A ‘good’ day means I can control my body before noon. I can extricate myself from the determined tentacles of sleep and actually walk from my bedroom to the living room, book in one hand and walking stick in the other.

A shower? Yes I still find them to be a source of healing, the hot water soothing my body. I stay as long as I dare, or as long as I can cope with the pain as the water hits my painfully sensitive skin. The stool I sit on helps, and also reminds me that I used to enjoy this much more standing under the hot water, exhausted but pain free.

So what will today bring? My condition is so unpredictable and the #medication for the symptoms more hit and miss than providing definite relief. I can only hope that today I can have coffee with my superhuman wife whom I love without limit.

For better or worse. Yes, she did say that on our wedding day, but probably gave it as much thought as I did.

It always happens to someone else, not me, not us, and certainly not this illness that provides the same pain and discomfort as a terminally ill cancer patient. Without the luxury of a known cause and therefore no proven prescribed treatment, I worry about what this day will bring.

My main goal each day is to make my wife smile. That is the only comfort I can rely on that will temporarily reduce my pain. Right now she is the only (temporary) cure I have. That it lasts but minutes and yet takes the effort of a decathlete is not my concern. I would do anything for her.

Making this illness easier on my wife is, and always will be, my primary goal.

Now I must sleep, as my body needs enough rest to make up for the previous 30+ years that I kept pushing myself through, not knowing why I was always so exhausted or that I was making this condition worse.

Hindsight is a loathsome creature.

So I must sleep, #anxiety over what the day will bring must be ignored. The alternative is not sleeping at all, and from bitter experience that only makes the day worse.

Please wish me well, for as I approach my bed each night I may wake having unleashed a monster. Please, let tomorrow be without such pain and effort, may I be able to get out of bed in the morning to spend more time with my beautiful, angelic wife.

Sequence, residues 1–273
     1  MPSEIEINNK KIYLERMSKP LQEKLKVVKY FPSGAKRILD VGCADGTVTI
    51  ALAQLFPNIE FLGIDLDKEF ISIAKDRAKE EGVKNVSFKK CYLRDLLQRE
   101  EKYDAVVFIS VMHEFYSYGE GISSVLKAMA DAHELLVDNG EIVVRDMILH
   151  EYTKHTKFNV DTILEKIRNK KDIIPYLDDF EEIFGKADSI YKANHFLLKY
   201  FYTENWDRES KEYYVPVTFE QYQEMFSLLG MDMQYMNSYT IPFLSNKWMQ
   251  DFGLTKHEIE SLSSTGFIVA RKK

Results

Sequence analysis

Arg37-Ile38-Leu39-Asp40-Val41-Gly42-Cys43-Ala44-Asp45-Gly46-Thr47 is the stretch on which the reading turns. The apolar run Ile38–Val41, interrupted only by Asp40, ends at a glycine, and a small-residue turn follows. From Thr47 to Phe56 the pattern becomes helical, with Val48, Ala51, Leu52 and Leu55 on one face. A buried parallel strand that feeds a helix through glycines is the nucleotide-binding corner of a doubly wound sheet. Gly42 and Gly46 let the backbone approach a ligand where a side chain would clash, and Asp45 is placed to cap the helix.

May tomorrow provide me with hope, and the nightmares remain in my dreams.

P.S. If you enjoyed this post at all please follow me, it actually helps knowing I have an audience!

How Do We Get Through This??


To my fellow invisible sufferers of ME/CFS and Fibromyalgia, there is always pain but there is also always hope.

I wish I could say everything was fine but you know that is a lie. We all have our own stories, some far sadder than others, but all with that common bond – we constantly suffer excruciating pain and exhaustion but we look healthy.

Now I am not saying I would rather look ill, I’m not that good looking to start with! Perhaps something simple that others could see and recognise, and no I do not want that sign to be my wheelchair.

A sign, yes that might work! Maybe something small and tasteful, a neon sign above my head with a pain meter flashing brightly. I think red would be a nice colour. Oh, and in bold…and maybe underlined as well.

Seriously though, how do we get through this incredibly debilitating illness that can last anything from five to fifty years, when everyone we meet tells us we look fine and wonders what we are on about. Sick? Hey you didn’t see me last week, I had the flu so badly!

Every one of us would gladly swap our condition for the flu any day! Even if we were told that the flu would last a year I am certain we would all sign up!

There is a serious disconnect between how we look and how we feel, and it is wider than the Grand Canyon. It is also impossible to explain to people in a dozen words or less, which is the average attention span these days after they have said; “Hi. How are you?”.